by James C. Sherlock
Lots of people think the schools their kids and grandkids attend are above average — the logical extension of the Lake Wobegon effect. In Virginia, they had better hope they are right. The average Virginia public school is not providing a decent education to major portions of its student body.
The Virginia Constitution makes the establishment and continual maintenance of a quality education the responsibility of the General Assembly.
It has demonstrably failed in that duty.
SOL results. A student must get a raw score of 400 or higher on their SOL(s) in order to pass the test. Except lower in math as you will see below. A perfect score is 600. So, let’s look at statewide SOL pass rates.
I offer below a chart of Virginia public school Spring 2019 SOL pass rates (all schools all grades) for different subgroups of students. The 2018-2019 school year was the last before COVID, i.e. the last “no excuses” year.
The statewide student populations of those subgroups in 2018-19 were:
- White: 624,738. Projecting results to all grades, 106,000 were not writing at grade level.
- Asian: 92,122.
- Black: 286,032. More than 100,000 of these kids could not read at grade level.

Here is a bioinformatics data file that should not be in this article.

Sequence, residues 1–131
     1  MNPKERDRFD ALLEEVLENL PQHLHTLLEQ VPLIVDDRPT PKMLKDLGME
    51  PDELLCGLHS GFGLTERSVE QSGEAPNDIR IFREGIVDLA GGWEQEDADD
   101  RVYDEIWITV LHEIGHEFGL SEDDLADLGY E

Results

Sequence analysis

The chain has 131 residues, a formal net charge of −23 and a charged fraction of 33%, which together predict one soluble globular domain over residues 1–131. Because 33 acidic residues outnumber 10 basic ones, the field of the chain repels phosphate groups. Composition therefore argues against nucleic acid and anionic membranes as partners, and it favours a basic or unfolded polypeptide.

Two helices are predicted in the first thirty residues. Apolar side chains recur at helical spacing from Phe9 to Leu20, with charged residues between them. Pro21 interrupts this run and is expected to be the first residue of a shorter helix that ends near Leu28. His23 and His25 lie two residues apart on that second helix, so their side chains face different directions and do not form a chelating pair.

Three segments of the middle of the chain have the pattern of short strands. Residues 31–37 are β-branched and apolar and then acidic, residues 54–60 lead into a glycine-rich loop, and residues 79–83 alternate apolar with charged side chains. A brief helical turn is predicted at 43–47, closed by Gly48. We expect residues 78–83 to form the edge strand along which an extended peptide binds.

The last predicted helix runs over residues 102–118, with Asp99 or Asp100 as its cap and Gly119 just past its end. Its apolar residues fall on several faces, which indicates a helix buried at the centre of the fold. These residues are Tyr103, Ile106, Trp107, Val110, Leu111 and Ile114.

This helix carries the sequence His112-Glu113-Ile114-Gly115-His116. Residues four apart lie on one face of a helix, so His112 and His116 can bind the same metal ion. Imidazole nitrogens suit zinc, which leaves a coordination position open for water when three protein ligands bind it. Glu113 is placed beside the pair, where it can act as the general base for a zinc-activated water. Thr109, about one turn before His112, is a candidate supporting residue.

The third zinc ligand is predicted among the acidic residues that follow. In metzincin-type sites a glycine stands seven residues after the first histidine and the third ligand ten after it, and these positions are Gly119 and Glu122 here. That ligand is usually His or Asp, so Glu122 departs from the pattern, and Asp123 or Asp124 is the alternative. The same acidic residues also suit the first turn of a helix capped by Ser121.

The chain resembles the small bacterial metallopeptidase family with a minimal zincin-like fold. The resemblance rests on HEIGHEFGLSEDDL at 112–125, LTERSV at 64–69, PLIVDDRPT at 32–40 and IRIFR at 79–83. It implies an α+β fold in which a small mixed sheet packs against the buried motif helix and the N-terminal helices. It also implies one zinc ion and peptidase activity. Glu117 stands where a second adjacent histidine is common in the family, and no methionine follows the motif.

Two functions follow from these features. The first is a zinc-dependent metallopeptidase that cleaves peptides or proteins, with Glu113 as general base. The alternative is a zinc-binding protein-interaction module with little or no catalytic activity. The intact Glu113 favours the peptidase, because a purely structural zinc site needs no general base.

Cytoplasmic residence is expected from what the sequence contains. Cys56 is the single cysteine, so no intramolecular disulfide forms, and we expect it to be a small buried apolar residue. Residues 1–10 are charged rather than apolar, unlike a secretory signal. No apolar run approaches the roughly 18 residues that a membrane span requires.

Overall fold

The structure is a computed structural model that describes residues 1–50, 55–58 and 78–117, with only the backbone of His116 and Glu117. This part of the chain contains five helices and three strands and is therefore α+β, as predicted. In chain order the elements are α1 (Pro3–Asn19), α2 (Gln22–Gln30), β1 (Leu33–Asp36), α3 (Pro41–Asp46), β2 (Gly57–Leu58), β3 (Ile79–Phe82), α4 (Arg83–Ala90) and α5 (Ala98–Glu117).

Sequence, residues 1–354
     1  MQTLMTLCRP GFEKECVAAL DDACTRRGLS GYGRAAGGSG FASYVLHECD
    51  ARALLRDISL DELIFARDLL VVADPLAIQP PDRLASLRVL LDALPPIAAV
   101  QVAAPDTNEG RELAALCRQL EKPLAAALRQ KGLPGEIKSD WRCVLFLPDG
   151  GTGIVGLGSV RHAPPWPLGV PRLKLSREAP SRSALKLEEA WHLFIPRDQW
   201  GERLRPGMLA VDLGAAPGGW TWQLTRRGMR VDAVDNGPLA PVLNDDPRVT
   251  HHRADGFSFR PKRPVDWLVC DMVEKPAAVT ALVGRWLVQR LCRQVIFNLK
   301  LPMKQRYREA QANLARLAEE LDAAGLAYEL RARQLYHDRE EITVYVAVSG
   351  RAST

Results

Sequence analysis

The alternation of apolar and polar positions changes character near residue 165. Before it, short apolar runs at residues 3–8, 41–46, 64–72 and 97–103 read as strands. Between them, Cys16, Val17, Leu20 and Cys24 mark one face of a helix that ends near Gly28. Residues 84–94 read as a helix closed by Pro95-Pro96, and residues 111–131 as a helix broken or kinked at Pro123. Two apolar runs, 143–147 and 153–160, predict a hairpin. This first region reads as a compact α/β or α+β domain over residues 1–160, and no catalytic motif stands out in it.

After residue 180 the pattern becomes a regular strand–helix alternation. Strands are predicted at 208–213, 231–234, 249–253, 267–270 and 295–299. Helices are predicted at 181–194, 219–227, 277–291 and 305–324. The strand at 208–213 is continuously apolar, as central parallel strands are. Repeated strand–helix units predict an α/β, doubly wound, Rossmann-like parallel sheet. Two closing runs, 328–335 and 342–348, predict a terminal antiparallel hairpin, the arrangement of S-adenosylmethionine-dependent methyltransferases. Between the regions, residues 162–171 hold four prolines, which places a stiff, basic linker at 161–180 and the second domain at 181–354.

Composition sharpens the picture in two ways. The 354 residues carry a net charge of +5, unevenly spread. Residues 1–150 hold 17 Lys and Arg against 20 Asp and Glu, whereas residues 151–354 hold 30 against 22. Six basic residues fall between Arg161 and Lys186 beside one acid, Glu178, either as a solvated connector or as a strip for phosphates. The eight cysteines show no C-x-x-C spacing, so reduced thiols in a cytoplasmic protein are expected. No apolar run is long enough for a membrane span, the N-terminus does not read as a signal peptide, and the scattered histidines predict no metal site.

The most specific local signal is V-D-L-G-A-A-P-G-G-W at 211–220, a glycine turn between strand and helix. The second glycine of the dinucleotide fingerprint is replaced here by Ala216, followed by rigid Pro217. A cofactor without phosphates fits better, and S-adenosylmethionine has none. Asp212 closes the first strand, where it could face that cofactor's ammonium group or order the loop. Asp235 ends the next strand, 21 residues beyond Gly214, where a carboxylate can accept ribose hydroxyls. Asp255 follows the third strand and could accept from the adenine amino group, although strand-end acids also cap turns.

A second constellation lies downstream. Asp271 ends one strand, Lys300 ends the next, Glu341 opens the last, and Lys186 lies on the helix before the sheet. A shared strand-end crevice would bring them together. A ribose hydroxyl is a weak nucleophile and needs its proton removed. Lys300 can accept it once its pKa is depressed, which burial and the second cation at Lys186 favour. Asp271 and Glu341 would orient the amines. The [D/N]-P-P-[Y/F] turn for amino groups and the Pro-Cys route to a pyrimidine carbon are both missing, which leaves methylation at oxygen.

- Hispanic: 208,739. More than 54,000 could perform math at grade level.
- Economically Disadvantaged: 520,827. More than 180,000 were not reading at grade level.
- Not Economically Disadvantaged: 769,940. Nearly 108,000 could not perform math at grade level.
- Students with Disabilities: 170,750. More than 90,000 failed to read at grade level
After the SOL passing scores had been lowered dramatically in math for 2019.
Those are pass rates, not higher levels of achievement.
Also, remember that half of the schools in Virginia were worse than average.
NAEP results. For those that think this is just an SOL issue, we will take a look at Virginia’s 2019 National Assessment of Educational Progress (NAEP) results for NAEP basic proficiency.
Virginia in 2019 tied with Oklahoma and Rhode Island at a 71% pass rate for at least basic level reading proficiency. Virginia’s score for grade 8 reading dropped 6 points in two years, among the three worst declines in the nation.
Constitutional guarantee of high quality schools. Does anyone think that the average Virginia public school met the state Constitutional guarantee that “Public schools of high quality to be maintained”?
So, what to do? First, stop fooling ourselves.
Let’s admit that we need to overhaul the design and administration of our schools and provide learning climates, curricula and pedagogy that achieve far better results.
I have looked in vain for any signal that the General Assembly, Board of Education (BOE) and Superintendent of Public Instruction are leading an effort to fix the fundamental issues.
We know what works for poor and minority children, children with learning disabilities and English learners. The best Charter Management Organizations (CMOs) work. But the General Assembly and VDOE leadership will not acknowledge this fact because of politics.
They take their cues from the teachers unions and the University of Virginia School of Education. Neither will brook any mention of charter schools, much less as role models for Virginia public schools.
I have shown the following chart several times.